Mon 12 Feb 2018 View all news articles
With many youngsters struggling to pay for university tuition fees and housing costs soaring, the older generation is increasingly stepping in to help out.
But in assisting the young, it is key to think carefully about the best way forward while avoiding falling foul of tax rules.
Growing numbers of grandparents are now giving cash to their grandchildren for a deposit on a first home.
Anna Brotherton, 28, from Lichfield, Staffordshire, had help from her grandmother Dorothy Woodman, 98, to purchase her first home.
Anna graduated from university in 2010 and was training to be a teacher when her parents and grandmother took her out for a meal.
Dorothy then told Anna she had been saving on her behalf since she was a baby.
'I was quite emotional when Nan told me,' says Anna.
'I had worked part time while a student to keep my debts low and I was quietly saving for a deposit on a home.
'Nan's gift meant I could realise that dream much earlier. I will always be so grateful for her generosity.'
Anna was able to add Dorothy's £4,000 gift to her own savings to put down a deposit on a two bedroom home in Great Barr, Birmingham.
A religious studies teacher, Anna married fellow teacher Matthew, 31, last year and they have since moved to Lichfield.
But Anna says getting on the property ladder early reaped rewards as her first house increased significantly in value.
Although Anna's grandmother was able to help out with cash, many grandparents are choosing to release equity from their homes to get grandchildren on the ladder – effectively recycling housing wealth.
Dan Baines is commercial director at independent equity release adviser Age Partnership. He says using cash to help family is among the top reasons people cite for releasing equity from their home.
He says: 'Inter-generational gifting is becoming more popular as the younger generation struggles to get a foothold on the property ladder.
'This cash can be a financial godsend for many. We regularly hear from customers who are delighted to have helped loved ones get ahead during their own lifetime.'
Homeowners need to be aware of inheritance tax when gifting lump sums to grandchildren – whether as an outright gift from capital savings or through equity release.
The nil rate band threshold for inheritance tax is £325,000 per person or £650,000 for a married couple or civil partnership when the first nil rate band is passed on after death.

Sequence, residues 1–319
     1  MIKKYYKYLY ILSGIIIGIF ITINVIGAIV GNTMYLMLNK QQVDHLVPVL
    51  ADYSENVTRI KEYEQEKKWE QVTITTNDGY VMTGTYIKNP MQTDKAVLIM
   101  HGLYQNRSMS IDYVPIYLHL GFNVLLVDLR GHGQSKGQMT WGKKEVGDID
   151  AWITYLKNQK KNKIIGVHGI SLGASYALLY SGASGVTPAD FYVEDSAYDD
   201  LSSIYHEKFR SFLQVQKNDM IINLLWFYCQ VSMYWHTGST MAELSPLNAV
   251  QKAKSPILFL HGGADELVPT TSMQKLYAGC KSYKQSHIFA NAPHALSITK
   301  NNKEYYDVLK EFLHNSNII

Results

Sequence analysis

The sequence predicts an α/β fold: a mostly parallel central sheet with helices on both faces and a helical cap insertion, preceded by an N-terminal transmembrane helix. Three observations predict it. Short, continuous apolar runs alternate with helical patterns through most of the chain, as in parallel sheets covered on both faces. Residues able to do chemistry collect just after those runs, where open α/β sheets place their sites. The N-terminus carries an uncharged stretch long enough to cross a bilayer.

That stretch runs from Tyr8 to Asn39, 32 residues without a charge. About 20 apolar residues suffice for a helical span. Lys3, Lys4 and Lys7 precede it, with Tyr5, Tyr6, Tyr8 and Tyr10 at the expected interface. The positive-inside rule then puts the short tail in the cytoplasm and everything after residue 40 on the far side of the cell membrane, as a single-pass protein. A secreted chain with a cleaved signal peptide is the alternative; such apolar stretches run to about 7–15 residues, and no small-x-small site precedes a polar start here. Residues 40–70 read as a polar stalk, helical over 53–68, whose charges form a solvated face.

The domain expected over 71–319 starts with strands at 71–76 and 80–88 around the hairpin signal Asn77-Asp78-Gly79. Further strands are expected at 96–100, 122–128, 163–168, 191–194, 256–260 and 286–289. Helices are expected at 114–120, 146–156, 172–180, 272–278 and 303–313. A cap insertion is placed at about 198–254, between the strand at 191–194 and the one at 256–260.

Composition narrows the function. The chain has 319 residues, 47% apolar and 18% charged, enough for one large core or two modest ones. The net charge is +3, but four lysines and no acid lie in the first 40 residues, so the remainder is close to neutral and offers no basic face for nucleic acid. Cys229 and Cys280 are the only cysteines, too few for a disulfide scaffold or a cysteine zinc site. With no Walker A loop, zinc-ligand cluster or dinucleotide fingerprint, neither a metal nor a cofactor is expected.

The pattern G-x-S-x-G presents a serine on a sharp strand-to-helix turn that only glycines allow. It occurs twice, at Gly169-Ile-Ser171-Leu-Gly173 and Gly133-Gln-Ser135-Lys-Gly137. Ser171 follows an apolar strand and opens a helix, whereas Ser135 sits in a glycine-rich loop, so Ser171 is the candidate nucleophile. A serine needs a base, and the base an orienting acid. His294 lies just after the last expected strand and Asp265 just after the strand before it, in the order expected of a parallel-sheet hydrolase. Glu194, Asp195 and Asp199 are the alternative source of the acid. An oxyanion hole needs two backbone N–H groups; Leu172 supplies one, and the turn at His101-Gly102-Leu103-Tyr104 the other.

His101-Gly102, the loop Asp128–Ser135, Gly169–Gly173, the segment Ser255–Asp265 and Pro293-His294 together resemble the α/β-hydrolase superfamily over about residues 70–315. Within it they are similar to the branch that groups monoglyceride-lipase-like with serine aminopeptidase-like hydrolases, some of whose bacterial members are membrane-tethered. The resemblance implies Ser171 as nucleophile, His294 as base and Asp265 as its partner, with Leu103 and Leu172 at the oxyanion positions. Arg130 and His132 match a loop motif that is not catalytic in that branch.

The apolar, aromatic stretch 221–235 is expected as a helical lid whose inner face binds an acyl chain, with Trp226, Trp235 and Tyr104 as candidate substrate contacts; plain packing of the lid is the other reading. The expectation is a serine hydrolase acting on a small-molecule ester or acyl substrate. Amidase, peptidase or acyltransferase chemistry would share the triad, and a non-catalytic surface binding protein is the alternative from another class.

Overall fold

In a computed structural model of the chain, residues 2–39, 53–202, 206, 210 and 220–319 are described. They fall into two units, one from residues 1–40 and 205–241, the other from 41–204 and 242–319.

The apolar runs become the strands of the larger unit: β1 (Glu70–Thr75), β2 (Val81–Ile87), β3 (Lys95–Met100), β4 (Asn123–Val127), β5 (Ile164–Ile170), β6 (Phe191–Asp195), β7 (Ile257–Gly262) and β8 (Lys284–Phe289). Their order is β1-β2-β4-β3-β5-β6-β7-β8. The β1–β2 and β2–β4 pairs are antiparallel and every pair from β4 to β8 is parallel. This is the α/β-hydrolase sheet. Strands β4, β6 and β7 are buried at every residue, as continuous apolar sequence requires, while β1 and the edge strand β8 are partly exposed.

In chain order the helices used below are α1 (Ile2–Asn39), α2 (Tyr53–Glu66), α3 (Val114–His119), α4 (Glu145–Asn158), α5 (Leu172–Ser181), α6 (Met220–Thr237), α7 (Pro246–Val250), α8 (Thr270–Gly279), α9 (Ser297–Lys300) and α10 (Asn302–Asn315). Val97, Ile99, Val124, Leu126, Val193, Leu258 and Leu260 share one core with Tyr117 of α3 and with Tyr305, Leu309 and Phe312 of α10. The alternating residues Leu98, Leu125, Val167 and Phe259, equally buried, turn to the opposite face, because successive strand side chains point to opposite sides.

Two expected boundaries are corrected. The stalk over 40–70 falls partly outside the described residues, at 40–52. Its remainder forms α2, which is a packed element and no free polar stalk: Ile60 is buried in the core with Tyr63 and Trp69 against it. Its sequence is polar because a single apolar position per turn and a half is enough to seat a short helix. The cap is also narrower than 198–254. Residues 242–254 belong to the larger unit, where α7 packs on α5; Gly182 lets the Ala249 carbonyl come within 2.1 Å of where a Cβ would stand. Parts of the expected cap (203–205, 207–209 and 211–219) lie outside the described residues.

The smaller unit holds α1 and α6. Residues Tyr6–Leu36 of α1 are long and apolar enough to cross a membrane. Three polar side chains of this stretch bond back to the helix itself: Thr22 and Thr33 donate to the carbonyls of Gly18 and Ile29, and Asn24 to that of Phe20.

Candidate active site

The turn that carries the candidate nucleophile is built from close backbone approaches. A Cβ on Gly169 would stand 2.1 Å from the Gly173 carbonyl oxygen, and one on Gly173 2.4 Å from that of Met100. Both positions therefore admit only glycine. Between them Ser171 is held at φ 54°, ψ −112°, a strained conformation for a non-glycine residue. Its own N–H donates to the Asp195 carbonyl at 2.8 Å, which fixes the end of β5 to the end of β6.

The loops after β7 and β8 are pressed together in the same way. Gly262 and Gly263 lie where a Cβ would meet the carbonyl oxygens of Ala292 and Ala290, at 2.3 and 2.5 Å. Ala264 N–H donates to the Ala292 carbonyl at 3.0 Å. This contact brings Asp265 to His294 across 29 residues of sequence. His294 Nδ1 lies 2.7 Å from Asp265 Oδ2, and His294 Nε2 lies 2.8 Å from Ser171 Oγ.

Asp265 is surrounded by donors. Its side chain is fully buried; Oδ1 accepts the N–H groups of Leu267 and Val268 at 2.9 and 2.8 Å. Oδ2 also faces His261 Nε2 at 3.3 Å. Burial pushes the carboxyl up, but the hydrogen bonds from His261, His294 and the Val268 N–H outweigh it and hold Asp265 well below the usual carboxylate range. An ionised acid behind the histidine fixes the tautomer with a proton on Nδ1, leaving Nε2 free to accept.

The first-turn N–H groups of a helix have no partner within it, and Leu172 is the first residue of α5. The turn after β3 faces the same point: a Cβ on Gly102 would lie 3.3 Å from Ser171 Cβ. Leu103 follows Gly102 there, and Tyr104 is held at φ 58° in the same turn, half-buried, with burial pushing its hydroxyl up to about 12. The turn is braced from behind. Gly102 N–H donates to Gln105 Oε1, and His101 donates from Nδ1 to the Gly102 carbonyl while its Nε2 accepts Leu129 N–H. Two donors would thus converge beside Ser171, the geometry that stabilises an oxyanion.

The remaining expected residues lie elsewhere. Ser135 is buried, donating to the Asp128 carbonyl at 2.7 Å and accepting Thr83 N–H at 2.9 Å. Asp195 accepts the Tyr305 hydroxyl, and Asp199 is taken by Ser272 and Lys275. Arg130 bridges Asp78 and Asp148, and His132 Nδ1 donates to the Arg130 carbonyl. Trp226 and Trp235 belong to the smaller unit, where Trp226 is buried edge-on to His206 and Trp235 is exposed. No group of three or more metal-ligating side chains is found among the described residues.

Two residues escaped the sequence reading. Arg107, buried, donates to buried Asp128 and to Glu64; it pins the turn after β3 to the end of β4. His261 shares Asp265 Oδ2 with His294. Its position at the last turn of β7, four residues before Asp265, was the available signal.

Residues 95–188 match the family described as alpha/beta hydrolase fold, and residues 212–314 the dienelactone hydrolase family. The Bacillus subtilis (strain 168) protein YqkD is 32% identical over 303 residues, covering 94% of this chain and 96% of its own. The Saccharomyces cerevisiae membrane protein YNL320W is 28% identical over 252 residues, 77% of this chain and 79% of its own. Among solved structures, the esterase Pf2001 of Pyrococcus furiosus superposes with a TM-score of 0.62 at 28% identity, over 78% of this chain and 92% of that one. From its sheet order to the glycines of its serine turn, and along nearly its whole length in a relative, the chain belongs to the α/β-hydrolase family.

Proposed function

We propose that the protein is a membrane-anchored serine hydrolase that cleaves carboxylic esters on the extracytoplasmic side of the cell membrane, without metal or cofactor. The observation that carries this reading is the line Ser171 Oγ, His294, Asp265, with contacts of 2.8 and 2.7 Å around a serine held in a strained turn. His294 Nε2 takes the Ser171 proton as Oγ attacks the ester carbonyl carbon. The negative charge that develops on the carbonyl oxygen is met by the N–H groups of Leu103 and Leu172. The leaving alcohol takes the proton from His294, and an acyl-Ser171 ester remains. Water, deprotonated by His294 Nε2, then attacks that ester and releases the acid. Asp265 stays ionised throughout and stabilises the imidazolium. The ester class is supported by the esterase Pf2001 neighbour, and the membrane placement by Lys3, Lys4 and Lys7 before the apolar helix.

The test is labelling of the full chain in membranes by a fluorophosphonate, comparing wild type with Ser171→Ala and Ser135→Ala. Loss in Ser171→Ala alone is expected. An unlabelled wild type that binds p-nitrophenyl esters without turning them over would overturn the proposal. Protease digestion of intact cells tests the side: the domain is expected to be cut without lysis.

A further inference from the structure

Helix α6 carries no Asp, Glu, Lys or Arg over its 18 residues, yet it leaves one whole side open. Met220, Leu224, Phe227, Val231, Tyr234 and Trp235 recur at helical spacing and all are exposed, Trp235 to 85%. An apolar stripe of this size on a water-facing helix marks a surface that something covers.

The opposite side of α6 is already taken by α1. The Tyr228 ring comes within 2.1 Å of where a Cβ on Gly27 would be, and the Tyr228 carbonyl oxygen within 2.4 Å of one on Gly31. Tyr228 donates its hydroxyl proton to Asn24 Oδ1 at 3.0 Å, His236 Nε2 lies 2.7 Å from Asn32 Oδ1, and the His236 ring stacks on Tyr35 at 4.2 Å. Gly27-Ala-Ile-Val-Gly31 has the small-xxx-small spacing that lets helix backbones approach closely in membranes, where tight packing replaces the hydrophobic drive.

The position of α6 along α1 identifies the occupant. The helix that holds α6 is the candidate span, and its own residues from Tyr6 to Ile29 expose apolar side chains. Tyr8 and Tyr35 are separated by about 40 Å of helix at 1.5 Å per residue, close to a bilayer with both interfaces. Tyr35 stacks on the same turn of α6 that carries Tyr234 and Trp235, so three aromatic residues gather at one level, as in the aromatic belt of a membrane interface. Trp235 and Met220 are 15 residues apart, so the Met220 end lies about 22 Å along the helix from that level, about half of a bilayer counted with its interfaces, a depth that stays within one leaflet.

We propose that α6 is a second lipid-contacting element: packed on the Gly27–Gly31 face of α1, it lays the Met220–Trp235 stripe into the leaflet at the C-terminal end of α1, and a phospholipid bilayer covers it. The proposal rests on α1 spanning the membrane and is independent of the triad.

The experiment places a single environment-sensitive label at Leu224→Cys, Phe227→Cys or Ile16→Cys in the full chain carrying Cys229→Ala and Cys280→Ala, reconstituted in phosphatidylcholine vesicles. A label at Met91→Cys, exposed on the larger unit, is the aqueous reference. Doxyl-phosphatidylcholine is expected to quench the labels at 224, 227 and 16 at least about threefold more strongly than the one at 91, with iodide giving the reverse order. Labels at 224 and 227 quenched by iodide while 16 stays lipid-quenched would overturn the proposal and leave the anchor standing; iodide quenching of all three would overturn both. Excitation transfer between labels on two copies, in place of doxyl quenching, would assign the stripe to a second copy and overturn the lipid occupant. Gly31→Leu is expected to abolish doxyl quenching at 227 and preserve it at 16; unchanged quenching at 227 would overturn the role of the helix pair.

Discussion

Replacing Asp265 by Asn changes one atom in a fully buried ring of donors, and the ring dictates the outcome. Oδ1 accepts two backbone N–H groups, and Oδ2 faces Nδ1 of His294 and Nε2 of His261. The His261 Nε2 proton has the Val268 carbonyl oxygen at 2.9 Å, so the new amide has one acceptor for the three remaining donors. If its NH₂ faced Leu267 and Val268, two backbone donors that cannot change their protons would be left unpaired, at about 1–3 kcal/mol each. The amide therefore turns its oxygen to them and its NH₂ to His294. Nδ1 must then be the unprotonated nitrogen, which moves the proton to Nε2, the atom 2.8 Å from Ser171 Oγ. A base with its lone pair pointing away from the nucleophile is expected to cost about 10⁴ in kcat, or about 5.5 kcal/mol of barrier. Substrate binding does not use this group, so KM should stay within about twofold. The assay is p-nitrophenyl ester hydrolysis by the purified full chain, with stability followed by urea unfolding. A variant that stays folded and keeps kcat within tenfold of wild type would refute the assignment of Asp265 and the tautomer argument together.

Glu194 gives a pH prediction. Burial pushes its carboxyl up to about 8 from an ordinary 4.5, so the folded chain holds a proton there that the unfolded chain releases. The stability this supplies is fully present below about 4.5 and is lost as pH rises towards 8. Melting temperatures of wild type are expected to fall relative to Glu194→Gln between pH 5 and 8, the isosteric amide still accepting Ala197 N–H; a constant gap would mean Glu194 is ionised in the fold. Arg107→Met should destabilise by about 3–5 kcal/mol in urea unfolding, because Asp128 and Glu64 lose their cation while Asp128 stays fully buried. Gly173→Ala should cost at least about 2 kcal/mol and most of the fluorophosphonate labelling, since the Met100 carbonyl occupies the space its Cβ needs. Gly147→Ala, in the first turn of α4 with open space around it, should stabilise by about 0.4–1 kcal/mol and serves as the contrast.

There is also an additional residential nil rate band of £100,000 – per person – for which some estates will qualify. This comes into play when a home is passed on to children and could result in a total exemption from inheritance tax of £850,000.
If you die within seven years of making a sizeable gift and your estate is liable to inheritance tax then the gift will have to be considered part of your estate for tax purposes. The tax is levied at a flat 40 per cent on assets over and above the nil rate band threshold.
Retired university lecturer Barrie Trinder, 78, worries about the growing financial pressures on young people.
The introduction of university tuition fees means that graduates are leaving higher education with some £44,000 of debt.
It is with this in mind that Barrie, who lives with wife Barbara in Olney, Buckinghamshire, saves regularly for his only grandchild Marcus, nine.
On every birthday since he was born, and at Christmas, Barrie has put cash aside for Marcus into an investment fund.
The regular gifts are always tax-free because they are absorbed by Barrie's annual allowance for gifting under inheritance tax rules.
It means Marcus's investment pot has already grown to a healthy £20,000 – with many more years to go before he will need to access it to fund his way through university or use as a home deposit.
There are risks involved with equity investing, as sharp stock market falls over the past few days have highlighted. But as Marcus's experience has already demonstrated, investing long term can reap rich rewards.
Barrie, an experienced investor, chose M&G's Global Themes fund for Marcus's money. The fund is invested internationally and is up more than 40 per cent over the past five years.
He says: 'Cash as a saving tool is a waste of time when you have so many years to play with, as Marcus does. Savings rates are so low any return would be paltry.
'But with an equity investment hopefully there will be a healthy return although there will be setbacks along the way.'
To emphasise his point, a £50 per month investment in a cash savings account started in 1999 would have generated a fund of £11,426 by the end of last year – £626 more than the £10,800 of contributions made.
In contrast, the same monthly sum in an investment fund tracking the performance of the FTSE All Share Index would have produced a final pot worth nearly £22,500.